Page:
Stewart Ian (Ian) DRAKES

DRAKES, Stewart Ian

Service Number: 427073
Enlisted: 20 May 1942
Last Rank: Flight Sergeant
Last Unit: Not yet discovered
Born: Lincolnshire, England, 2 April 1924
Home Town: Busselton, Western Australia
Schooling: Busselton State School, Busselton. Western Australia
Occupation: Not yet discovered
Died: Flying Battle, New Guinea , 15 November 1943, aged 19 years
Cemetery: Rabaul (Bita Paka) War Cemetery, Papua New Guinea
Bita Paka War Cemetery, Bita Paka, Rabaul, East New Britain, Papua New Guinea
Memorials: Australian War Memorial Roll of Honour, Busselton Cenotaph Victoria Square, Busselton Rotary Park Of Remembrance War Memorial, Postmaster General's Department Perth WWII HR
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World War 2 Service

3 Sep 1939: Involvement Flight Sergeant, 427073
20 May 1942: Enlisted Royal Australian Air Force, Flight Sergeant, 427073

Help us honour Stewart Ian Drakes's service by contributing information, stories, and images so that they can be preserved for future generations.

Biography contributed by Joy Dalgleish

Stewart, or Ian to his friends, was born in Lincolnshire, England on 2 April 1924. He moved to Australia with his parents and brother and sister as a child and completed his education at the Busselton State School in Western Australia.

Stewart worked as a clerk in Perth's Post Master General's Department before enlisting into the Air Force at the age of 18, on 20 May 1942. He began his aircrew training on 19 August 1942 and was awarded the Air Observers badge on 7 January 1943. Stewart had nine postings, the last was on 27 September 1943 to No. 8 Squadron, based at Vivagani, Goodenough Island, Papua New Guinea.

His aircraft went missing whilst on operations during the night of 14/15 November 1943. It crashed into sea near Kawa Island, New Guinea after making a torpedo attack on Japanese shipping near Rabaul Harbour, New Guinea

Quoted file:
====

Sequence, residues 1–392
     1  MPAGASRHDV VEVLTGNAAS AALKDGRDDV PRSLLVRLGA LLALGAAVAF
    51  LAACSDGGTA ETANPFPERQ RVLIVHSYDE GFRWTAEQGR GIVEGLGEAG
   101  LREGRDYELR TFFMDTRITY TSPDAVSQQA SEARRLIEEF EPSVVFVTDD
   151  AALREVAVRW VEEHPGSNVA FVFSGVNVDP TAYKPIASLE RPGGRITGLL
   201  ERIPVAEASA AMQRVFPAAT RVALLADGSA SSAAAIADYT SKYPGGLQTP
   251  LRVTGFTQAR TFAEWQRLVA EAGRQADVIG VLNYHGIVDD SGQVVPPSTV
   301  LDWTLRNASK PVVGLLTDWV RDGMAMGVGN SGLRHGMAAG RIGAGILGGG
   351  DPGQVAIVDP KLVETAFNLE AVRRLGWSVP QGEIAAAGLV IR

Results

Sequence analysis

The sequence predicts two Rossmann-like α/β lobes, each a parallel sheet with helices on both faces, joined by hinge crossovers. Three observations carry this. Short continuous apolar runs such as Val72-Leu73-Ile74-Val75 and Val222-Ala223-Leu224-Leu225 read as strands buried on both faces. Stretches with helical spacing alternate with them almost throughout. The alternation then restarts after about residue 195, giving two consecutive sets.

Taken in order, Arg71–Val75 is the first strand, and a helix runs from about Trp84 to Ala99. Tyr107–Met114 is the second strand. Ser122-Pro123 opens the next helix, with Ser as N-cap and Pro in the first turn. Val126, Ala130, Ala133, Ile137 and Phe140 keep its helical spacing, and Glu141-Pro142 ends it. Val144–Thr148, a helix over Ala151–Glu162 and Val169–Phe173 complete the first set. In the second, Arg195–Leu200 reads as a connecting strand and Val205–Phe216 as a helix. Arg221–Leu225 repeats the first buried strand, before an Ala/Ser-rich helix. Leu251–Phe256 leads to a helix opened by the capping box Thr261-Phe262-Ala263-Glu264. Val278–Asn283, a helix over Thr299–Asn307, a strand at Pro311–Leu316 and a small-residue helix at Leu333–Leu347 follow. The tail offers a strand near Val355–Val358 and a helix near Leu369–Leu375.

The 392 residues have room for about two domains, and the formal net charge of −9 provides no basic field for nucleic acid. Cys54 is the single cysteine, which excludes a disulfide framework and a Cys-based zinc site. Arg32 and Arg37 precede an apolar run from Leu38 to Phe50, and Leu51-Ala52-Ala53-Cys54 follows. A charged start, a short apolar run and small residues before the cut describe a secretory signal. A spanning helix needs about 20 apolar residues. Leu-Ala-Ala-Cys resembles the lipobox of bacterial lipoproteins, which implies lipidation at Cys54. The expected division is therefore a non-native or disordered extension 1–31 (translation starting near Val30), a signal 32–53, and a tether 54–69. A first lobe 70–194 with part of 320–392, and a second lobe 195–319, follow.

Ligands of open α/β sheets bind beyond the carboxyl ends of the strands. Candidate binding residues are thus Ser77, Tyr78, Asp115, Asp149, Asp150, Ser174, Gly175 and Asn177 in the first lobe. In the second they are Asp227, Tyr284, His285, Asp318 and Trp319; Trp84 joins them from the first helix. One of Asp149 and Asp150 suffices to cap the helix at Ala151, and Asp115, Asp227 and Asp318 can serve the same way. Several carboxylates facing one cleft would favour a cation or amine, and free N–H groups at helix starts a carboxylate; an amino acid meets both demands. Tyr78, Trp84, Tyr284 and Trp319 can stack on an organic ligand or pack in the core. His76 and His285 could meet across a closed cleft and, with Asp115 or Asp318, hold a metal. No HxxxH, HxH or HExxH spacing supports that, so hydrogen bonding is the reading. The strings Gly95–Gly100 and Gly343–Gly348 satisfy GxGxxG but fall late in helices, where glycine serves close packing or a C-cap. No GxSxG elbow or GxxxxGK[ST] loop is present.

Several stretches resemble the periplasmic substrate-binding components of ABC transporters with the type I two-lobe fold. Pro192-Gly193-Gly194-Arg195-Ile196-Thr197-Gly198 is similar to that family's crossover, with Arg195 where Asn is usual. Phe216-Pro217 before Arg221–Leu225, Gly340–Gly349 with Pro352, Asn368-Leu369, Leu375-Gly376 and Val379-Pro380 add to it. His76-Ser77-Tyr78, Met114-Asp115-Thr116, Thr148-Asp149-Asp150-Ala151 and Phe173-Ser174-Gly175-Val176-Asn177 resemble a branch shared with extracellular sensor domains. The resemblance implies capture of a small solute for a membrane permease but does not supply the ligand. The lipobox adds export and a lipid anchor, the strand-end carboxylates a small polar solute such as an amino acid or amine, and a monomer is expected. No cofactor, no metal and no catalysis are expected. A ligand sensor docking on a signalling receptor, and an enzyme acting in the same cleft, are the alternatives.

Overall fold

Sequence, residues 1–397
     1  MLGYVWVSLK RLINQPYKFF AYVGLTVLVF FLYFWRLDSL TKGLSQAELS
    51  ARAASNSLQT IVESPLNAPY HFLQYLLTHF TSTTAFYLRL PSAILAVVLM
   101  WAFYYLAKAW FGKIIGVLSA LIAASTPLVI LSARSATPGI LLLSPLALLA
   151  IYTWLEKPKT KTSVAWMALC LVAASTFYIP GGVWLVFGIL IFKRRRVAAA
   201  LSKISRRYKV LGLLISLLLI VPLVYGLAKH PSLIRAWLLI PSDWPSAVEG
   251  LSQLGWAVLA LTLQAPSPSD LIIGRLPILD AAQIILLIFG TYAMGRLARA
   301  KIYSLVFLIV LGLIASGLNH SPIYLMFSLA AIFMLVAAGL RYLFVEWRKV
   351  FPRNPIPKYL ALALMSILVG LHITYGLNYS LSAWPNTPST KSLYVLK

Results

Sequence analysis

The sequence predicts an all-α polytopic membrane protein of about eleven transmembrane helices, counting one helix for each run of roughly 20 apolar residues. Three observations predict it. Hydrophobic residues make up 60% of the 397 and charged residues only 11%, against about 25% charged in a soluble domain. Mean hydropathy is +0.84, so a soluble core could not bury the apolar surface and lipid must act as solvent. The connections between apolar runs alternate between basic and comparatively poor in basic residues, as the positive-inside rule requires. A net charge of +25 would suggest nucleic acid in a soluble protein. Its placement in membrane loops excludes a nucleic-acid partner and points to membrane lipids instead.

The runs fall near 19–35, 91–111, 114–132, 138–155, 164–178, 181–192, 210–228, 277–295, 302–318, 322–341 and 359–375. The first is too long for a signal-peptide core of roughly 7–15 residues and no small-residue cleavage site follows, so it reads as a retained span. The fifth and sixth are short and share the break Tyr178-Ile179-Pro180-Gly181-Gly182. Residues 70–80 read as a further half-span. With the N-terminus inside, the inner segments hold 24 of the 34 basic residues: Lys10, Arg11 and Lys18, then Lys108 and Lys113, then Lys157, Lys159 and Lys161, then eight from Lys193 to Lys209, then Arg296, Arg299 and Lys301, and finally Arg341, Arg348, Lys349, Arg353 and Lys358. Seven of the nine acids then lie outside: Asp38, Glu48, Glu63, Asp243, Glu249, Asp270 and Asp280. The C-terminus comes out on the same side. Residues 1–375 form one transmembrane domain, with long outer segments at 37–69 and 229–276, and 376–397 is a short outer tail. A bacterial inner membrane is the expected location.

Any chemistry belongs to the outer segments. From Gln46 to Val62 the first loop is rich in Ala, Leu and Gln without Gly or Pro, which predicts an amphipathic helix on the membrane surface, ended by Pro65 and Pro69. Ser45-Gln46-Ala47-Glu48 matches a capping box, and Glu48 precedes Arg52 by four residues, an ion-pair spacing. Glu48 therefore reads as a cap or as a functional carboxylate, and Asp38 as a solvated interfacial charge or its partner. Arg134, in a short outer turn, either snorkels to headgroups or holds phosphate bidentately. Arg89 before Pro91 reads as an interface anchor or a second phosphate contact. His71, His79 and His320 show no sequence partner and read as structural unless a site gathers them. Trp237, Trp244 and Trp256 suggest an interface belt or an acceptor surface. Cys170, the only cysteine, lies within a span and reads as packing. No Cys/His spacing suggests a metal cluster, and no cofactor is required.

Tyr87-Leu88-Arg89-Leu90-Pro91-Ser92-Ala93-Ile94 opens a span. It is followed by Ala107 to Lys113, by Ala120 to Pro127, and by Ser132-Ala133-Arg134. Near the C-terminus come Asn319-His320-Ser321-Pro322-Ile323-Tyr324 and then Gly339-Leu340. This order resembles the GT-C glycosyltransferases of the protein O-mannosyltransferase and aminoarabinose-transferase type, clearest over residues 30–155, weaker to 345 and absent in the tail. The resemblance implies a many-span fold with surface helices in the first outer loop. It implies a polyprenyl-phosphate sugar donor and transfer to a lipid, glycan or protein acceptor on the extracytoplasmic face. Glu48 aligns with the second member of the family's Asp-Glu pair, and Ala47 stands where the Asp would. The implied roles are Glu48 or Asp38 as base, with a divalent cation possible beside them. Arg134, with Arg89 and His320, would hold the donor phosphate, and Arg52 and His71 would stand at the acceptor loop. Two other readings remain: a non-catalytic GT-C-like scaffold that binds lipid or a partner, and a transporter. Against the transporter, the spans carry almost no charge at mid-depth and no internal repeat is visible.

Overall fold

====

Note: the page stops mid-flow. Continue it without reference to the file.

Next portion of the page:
Their aircraft was last sighted by other RAAF aircrew on its way back to base at the southern end of St George’s Channel, whilst returning to their base at Vivigani following the raid. A search was carried out, but only a fuel tank was recovered. At the time the exact location of the aircraft was unknown and none of the crew of four was recovered. On 18 March 2001, fifty-seven years later, the wreck of their Bristol Beaufort aircraft was found by skin-divers on the sandy ocean floor at GPS: 8 degrees 32 minutes South, 150 degrees 18 minutes East, 80 kilometres west of the Trobriand Group of islands, Papua New Guinea.  The remains of the crew of four were found in the wreckage, together with their identity tags. The wreckage has been left on the ocean floor as a memorial to the men. The aircraft was discovered 18 metres below the surface, on the sea floor, half buried in the sand and silt, and upside down. It took eight months to plan and execute the recovery of their remains. Their remains were buried on 2/5/2002, with full military honours, at Bita Paka War Cemetery.